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Nobu Brunch

There are some famous restaurants that when they announce they’re going to open a new location in your town, you can’t help but think, oh, this is going to be interesting. That was my thought when the international luxury sensation from chef Nobu Matsuhisa dropped anchor on its 38th location in West End.


The buzzy restaurant, popular among Hollywood stars like Robert DeNiro and Kardashian wannabes, seemed a little, well, out of place in our nation’s capital, don’t you think? Or it is a sign that the D.C. dining scene has “made it”?

Like the basic Bitch I am, I was eager to channel my inner Scott Disick, and happily accepted an invite to try the brunch menu at Nobu.


All the glitz you’d expect from Nobu carries over to this new location. It’s a huge restaurant that is great for groups and boasts private dining options. That said, it was nearly empty on the Sunday at noon when we arrived. Granted, the World Cup was playing, but still. I was shocked at how sparse the dining room was.

In true diva fashion, we commandeered the cozy garden patio. It’s vaguely reminiscent of a Japanese tea garden and certainly provides a nice oasis in the neighborhood. As we prepared to order, we opted for a make-your-own mimosa kit of sorts, with a bottle of Cava, fresh squeezed orange and lychee juices, as well as a strawberry puree, and fresh fruit slices to mix in. Overall, it was a beautiful presentation and definitely a good bang-for-your-buck cocktail deal.


Our super knowledgeable waiter suggested a few Nobu ”classics” to start. Not one to miss out, we swiftly ordered the yellowtail jalapeno, the dish that put Nobu on the map, as well as the tiradito and salmon nashi pear. Both the hamachi and tiradito were sliced super thin, sashimi-style and packed with flavor. The jalapeno gave the hamachi a quick hit of fire. The tiradito is similar to a Peruvian ceviche and soaked in yuzu juice. The salmon nashi pear was like a grown-up fruit roll up, sweet and refreshing.

After finishing these three dishes, we were feeling energized about the set brunch menu. Each was delightful in its own way, so we were excited to try more — though I definitely could have had entree-sized portions of those three.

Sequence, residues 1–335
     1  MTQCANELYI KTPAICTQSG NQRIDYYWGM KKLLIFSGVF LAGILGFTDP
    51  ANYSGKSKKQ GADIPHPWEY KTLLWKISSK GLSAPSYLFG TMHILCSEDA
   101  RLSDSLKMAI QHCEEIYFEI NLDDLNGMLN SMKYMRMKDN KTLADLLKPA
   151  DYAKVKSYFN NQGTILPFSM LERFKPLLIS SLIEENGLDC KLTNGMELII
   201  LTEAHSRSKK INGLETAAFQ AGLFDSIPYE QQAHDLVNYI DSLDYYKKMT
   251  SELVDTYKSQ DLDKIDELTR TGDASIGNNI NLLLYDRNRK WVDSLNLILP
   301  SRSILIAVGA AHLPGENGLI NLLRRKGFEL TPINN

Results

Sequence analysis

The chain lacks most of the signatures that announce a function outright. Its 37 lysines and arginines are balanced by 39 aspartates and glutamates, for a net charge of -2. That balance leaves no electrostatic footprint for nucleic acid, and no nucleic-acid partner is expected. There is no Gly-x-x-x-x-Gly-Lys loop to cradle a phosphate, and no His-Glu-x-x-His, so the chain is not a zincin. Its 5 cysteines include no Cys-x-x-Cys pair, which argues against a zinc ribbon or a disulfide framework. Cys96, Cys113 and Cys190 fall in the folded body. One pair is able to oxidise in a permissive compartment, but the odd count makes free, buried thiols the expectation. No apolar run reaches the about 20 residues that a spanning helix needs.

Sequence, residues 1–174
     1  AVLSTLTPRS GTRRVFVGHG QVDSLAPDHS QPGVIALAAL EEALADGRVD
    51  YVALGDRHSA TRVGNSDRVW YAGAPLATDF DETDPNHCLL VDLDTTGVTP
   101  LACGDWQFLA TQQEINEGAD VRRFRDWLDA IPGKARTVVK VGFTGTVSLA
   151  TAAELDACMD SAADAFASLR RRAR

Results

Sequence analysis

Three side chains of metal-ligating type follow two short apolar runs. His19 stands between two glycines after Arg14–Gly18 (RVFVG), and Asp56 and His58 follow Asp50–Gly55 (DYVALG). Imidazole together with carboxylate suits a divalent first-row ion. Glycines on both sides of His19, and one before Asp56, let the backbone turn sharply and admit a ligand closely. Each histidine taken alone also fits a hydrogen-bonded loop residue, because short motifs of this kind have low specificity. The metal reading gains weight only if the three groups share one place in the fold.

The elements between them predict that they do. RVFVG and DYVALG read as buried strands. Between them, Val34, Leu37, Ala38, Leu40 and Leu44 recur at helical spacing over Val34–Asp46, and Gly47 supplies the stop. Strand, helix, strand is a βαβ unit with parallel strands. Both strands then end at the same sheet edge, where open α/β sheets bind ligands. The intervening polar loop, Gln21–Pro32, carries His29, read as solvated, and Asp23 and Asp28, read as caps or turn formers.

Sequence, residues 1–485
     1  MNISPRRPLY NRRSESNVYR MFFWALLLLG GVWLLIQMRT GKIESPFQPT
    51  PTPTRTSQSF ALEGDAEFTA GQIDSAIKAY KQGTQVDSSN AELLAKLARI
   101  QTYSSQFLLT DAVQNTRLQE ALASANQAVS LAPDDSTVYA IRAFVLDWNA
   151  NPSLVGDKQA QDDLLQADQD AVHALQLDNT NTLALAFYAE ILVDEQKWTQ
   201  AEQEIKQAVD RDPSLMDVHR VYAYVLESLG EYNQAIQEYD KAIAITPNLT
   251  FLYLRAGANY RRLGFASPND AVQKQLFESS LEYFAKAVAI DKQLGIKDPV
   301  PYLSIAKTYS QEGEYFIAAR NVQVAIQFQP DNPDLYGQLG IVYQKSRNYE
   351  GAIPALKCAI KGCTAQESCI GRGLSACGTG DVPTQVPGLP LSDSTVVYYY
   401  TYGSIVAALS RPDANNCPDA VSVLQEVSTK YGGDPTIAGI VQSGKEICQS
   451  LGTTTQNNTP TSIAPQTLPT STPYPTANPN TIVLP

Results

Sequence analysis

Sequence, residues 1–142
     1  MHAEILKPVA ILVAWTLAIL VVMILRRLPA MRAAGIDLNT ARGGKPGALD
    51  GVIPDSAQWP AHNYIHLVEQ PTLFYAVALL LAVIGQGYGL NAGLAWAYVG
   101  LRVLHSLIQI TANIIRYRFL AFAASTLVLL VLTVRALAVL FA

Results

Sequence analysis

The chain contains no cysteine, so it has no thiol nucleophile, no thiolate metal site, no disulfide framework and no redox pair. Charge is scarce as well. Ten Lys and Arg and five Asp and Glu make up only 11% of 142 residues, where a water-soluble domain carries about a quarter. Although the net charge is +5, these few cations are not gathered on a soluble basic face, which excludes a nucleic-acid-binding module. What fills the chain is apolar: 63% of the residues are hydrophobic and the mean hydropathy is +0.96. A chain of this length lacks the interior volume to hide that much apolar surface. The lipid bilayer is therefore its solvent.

The set brunch offers a chef’s selection of canapes and diners’ choice of entree. During our visit, the canapes included edamame, crab sashimi taco, black cod with miso and a shrimp ceviche. They were all tasty but the stand out was the black cod with miso. This warm, flaky cod is marinated in a rich miso and oh my gosh I would order this again and again.

Being Bitches Who Brunch, we picked the brunch-ier options for entrees. Japanese culture doesn’t really lend itself to brunch, so I’m always interested to see how chefs adapt the cuisine to the challenge.


We opted for a locally inspired dish, “DC’s” softshell crab Benedict. Normally softshell crab weirds me out but this dish was so pretty. With poached eggs on top of a crispy rice yuzu dry miso, it had a great texture hitting your tongue and tasted pretty good too.

We also tried the chicken and green tea waffle. The waffle was dry and the chicken wasn’t pretty but tasted fine. The green tea didn’t add much in terms of flavor, unfortunately.


For dessert, we enjoyed three types of mochi. These little ice cream treats were perfect to cool down on a hot summer day.

Overall, I have to compliment the great service, our waitress lived in Japan and was eager to share her expertise about both the restaurant’s history and the cuisine. And the staff was kind enough to provide us with game updates throughout our meal.


The Bitches Say: B+. Stick to the classics that made Nobu a hot spot and you’ll enjoy a luxurious meal at Nobu.

Nobu D.C. is no longer serving brunch. They open 5p.m. each night for dinner. 


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Annie is the lead social media manager for Bitches Who Brunch. Chances are, she's ordering the chicken and waffles.

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